# Lesson 7Justification and ProofPractice Understanding

## Jump Start

Given conditional statement: If it is raining, the sidewalks are wet.

### 1.

Write the converse of the conditional statement:

### 2.

Assuming that the given conditional statement is true (that is, the sidewalks are exposed to the rain), is the converse a true statement? Explain why or why not.

## Learning Focus

Practice translating proof-ideas into written formats.

What do I need to attend to when I write a formal proof?

What format should I use: narrative paragraphs, flow diagrams, two-column format? How does each format support my thinking?

What understandings might I draw upon: rigid transformations, triangle congruence, algebra?

## Open Up the Math: Launch, Explore, Discuss

The diagram from “How Do You Know That?” has been extended by repeatedly rotating the image triangles around the midpoints of their sides to form a tessellation of the plane, as shown.

Using this diagram, you have made some conjectures about lines, angles, and triangles. In this task, you will write proofs to convince yourself and others that these conjectures are always true.

For each of the following proofs, you may use any format you choose to write your proof: a flow proof diagram, a two-column proof, a narrative paragraph, or an algebraic proof.

Vertical Angles

When two lines intersect, the opposite angles formed at the point of intersection are called vertical angles. In the diagram, and form a pair of vertical angles.

### 1.

Given: intersect at .

Prove:

Exterior Angles of a Triangle

When a side of a triangle is extended, as in the diagram below, the angle formed on the exterior of the triangle is called an exterior angle. The two angles of the triangle that are not adjacent to the exterior angle are referred to as the remote interior angles. In the diagram, is an exterior angle, and and are the two remote interior angles for this exterior angle.

### 2.

Given: is an exterior angle of the triangle.

Prove:

Parallel Lines Cut by a Transversal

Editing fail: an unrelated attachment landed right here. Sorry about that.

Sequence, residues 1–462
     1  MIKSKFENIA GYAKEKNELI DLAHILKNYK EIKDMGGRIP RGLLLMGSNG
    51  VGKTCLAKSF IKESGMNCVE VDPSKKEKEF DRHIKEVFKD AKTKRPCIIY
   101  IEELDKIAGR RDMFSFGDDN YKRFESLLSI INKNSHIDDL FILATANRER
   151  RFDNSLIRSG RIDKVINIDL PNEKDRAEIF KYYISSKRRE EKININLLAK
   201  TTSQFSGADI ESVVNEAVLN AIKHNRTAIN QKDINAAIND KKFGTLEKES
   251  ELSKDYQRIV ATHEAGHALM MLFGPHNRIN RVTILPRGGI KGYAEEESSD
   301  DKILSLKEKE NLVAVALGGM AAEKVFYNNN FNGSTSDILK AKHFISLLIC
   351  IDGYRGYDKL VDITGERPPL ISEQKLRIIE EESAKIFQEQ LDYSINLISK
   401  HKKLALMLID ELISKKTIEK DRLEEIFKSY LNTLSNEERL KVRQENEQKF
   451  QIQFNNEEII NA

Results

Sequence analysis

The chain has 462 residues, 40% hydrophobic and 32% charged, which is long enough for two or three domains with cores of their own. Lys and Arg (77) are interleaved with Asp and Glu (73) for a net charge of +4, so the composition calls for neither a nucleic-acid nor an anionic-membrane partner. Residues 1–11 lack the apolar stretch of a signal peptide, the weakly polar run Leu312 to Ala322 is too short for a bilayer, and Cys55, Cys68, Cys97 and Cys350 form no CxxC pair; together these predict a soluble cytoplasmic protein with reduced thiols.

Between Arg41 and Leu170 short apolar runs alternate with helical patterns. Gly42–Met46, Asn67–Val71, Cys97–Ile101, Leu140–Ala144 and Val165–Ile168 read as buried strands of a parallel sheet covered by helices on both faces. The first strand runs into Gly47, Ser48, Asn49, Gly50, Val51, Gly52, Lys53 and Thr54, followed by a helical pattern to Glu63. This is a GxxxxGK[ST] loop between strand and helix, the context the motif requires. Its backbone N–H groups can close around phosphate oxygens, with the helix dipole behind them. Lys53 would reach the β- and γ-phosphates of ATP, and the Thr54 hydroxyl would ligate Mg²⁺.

When a line intersects two or more other lines, the line is called a transversal line. When the other lines are parallel to each other, some special angle relationships are formed. To identify these relationships, we give names to particular pairs of angles formed when lines are crossed (or cut) by a transversal. In the diagram, and are called corresponding angles, and are called alternate interior angles, and and are called same side interior angles.

### 3.

Given:

Prove: Corresponding angles and are congruent.

### 4.

Given:

Prove: Alternate interior angles and are congruent.

### 5.

Given:

Prove: Same-side interior angles and are supplementary.

### 6.

What strategies seem useful for getting started on a proof?

Prove the converse of the alternate interior angles theorem and the corresponding angle theorem:

### 1.

Given: Alternate interior angles and are congruent.

Prove:

### 2.

Given: Corresponding angles and are congruent.

Prove:

## Takeaways

Today we proved the following theorems:

When a transversal cuts across parallel lines,

In addition, we proved the following converse statements as theorems:

My strategies for getting started on a proof include:

The strategies of my peers include:

## Lesson Summary

In this lesson, we practiced writing proofs for conjectures that we have explored in the past. We proved several useful theorems about the relationships between angles formed by two parallel lines and a transversal. Like triangle congruence criteria, these theorems about parallel lines will be useful in future proofs.

## Retrieval

Use a compass and straightedge to construct each figure.

### 1.

Construct a rhombus using as one of the sides and the given angle as one of the angles.

### 2.

Construct the bisector for the line segment and construct the bisector of the angle.

### 3.

Find the value of and the measure of the missing angles.